Restaurants come and go at an incredible rate in Quebec City. Within the last year, a minimum of five new restaurants have opened. Among these Les Sales Gosses, a bistro that prides itself on a bad boy image, measures its maleness with skulls and, well, a dirty, dirty name. Among its “masculine” menu, lamb testicles and pork ass. Nothing to seduce me.
The first time I walked by Les Sales Gosses was on the second day of its opening in July. I noticed pork as a major part of the menu. My first reaction was to compare it with my favourite bistro -a few street corners away- masters in the art of cooking the Turlo pork in Quebec City. I wasn’t immediately tempted by Les Sales Gosses’ menu.
Then a few months later, Les Sales Gosses came up in a discussion with my blogger-friend Sylvie. She mentioned trying the restaurant this summer and being rather charmed by the work of the sommelier, even more so than the chef’s. That was my cue to taste. I am always tempted to try restaurants that leave an impression, whether positive or not. Les Sales Gosses it would be, on a Wednesday evening with my friend Emily.
My first impression: the decor has no warmth or soul to it. Everything is just black or white. The long back wall of the restaurant is made of brick, but painted in white. What a waste! The black ceiling, dark wooden furniture and long, black banquette send an austere climate. Lighting over the table is a little too aggressive and the skull painted on the wall isn’t really welcoming. The decor feels as though Les Sales Gosses is trying really hard to mirror virility, and it shouldn’t.
And so the food…
Emily picked the elk tataki served with ice cider and black currant, creamy Brussel sprouts, sunchokes and meat jus vinaigrette. If you’re familiar with this blog, you know what I like to eat on a restaurant’s first visit, tartar. I chose deer with a mere instance of Meaux mustard and chives along fine potato juliennes.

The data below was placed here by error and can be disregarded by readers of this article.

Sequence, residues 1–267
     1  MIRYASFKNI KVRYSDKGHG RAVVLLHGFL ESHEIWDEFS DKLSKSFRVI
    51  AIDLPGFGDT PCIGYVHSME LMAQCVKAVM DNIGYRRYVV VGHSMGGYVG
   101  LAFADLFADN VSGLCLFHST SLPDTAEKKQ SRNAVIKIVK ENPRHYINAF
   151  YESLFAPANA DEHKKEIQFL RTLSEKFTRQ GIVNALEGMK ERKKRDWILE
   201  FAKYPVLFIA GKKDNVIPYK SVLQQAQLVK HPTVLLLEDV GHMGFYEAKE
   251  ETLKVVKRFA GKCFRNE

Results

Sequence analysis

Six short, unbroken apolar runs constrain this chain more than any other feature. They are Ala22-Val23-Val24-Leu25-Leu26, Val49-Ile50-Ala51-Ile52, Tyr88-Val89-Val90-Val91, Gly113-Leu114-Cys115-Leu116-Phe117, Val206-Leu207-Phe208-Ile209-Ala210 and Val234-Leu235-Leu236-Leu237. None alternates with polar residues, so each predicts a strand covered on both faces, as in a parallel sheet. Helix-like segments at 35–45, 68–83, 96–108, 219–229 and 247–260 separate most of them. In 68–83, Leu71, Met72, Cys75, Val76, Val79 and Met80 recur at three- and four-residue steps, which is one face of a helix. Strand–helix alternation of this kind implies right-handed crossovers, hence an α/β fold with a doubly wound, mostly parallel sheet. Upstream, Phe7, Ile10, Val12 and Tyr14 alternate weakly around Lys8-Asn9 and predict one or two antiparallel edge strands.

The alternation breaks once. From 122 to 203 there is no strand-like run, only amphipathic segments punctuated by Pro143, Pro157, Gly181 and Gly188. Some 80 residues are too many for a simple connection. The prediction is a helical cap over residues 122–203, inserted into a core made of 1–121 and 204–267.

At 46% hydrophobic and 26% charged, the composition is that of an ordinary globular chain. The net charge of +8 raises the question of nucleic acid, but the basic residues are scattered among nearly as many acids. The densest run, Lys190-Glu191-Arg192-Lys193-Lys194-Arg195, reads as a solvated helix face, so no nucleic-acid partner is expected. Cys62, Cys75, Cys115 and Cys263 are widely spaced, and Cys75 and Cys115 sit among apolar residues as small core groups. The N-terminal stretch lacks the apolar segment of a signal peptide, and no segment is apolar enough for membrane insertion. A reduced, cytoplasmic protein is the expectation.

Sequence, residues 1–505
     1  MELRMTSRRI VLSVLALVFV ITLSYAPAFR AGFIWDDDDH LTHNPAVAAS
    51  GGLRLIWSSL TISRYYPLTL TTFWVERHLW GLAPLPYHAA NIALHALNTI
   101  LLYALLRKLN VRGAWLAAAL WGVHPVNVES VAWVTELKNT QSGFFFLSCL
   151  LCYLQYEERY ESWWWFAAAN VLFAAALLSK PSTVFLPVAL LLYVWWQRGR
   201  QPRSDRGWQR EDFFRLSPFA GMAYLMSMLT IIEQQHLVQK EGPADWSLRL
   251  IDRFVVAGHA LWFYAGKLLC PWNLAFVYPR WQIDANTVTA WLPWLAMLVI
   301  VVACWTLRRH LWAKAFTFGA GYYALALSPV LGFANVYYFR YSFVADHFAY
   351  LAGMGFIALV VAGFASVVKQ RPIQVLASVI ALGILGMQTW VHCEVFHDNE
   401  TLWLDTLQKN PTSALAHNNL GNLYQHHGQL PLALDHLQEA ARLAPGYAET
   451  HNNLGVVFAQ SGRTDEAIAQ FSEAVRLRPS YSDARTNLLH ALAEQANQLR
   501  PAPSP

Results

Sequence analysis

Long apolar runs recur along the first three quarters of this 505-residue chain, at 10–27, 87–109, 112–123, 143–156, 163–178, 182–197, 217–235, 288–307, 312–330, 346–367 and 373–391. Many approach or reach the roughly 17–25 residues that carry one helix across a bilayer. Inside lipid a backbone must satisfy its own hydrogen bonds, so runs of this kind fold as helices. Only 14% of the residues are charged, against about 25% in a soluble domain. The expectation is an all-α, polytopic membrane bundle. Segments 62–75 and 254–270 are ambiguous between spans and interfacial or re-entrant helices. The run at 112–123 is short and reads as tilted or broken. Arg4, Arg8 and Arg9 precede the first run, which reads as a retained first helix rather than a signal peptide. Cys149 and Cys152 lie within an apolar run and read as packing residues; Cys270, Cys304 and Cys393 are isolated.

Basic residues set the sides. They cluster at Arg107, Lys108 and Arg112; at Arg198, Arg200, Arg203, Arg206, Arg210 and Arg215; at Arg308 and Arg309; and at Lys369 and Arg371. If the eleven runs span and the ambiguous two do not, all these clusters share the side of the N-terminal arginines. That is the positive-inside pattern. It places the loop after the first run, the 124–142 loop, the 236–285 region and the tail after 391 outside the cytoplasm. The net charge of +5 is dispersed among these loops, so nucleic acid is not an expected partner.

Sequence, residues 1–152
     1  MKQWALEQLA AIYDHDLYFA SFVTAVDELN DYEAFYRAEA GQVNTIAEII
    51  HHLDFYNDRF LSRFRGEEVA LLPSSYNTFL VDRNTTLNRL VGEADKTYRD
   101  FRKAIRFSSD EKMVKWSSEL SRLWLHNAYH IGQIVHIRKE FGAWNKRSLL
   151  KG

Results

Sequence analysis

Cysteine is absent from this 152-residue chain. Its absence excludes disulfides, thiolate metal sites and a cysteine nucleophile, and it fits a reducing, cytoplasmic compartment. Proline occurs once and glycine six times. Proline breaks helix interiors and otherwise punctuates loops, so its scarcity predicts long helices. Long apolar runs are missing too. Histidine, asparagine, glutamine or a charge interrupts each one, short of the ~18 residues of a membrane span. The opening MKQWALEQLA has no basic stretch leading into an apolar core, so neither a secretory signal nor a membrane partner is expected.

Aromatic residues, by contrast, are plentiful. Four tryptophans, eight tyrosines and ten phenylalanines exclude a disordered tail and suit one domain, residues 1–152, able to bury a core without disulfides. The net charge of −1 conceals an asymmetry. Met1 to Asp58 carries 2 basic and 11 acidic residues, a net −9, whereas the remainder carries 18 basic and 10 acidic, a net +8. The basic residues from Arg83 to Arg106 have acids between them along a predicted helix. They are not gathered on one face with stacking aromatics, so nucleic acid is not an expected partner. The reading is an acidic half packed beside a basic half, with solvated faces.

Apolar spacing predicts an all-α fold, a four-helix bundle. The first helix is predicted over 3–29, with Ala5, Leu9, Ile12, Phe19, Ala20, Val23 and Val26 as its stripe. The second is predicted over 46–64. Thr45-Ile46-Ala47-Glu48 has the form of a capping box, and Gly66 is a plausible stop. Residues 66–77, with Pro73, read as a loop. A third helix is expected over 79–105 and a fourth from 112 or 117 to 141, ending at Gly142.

Both meats stood out. Raw deer doesn’t have a strong taste, but the chef gave it all his attention. The elk was a little stronger, but the sweet cider, vinaigrette and Brussel sprouts balanced its flavour. A great introduction, with nothing dirty about it. Not a touch of attitude in my mouth.
The service was impeccable. Our waitress was a little too familiar at the beginning, but managed a flawless service. Our glasses of wine were filled regularly, we never ran out of water and she didn’t hesitate to call upon the somm when we started asking questions about the wine. I get great satisfaction and confidence in a waitress who doesn’t pretend to know it all. Shows one cares about giving a great service.
Emily’s barbecue beef blade (marinated in Jack Daniel’s and ginger, carrot purée, fingerling potatoes and mushrooms) and my pistachio-stuffed guinea fowl (sweet onion purée, creamy carrots and pearl onions, potato gnocchis) were delectable. The sweet onion purée had a very subtle taste of aniseed, a compliment to the very light pistachio taste. Unfortunately, the broth was too salty for my taste and much too overwhelming in flavour for such delicate flavours. But, I could tell the chef’s creative notion of flavour composition and desire to conquer the epicurious palate. Then came the seduction: pintade, gnocchi and purée danced lambada with my taste buds. So velvety smooth and in perfect medley that only a “dirty” dance could complement this delectation happening in my mouth. Maybe that’s where they take their name from…
The somm recommended a bottle of 2011 Damilo Barbera d’Asti, a mineral, medium bodied wine that could have benefitted from time spent in a carafe. He gave comprehensible wine descriptions and aromatic explanations without omitting availability at the SAQ. That’s when he joked about profit margins pointing to restaurateurs who “usually make lot’s of profit with the rest of their menu”. Ironically, our 50$ bottle at Les Sales Gosses is 23$ at the SAQ; is that considered a large profit?
Unlike what their name suggests, there was nothing rebellious about Les Sales Gosses in our meal. No punches of fire, coarse grill taste and opulent grease, but rather delicate touches of fine flavours to compliment superb meat. Apart from the eclectic and sometimes hard-electro musical playlist (why EDM in a bistro, why?), nothing reminded me of a rigid bistro suggested from restaurant’s overall decor. Oh and the testicles and pork ass.
Les Sales Gosses wants to be a neighbourhood bistro where good quality of food meets a well designed wine selection. Les Sales Gosses is charming and much more delicate with flavours than what the name appeals to. Unfortunately, the menu doesn’t have a wow factor that makes it stand out from other bistros in the city. It doesn’t (yet) have what it takes to win me over from my favourite bistro just a few street corners away.
Les Sales Gosses
620 Saint-Jospeh est, Québec QC G1K 3B8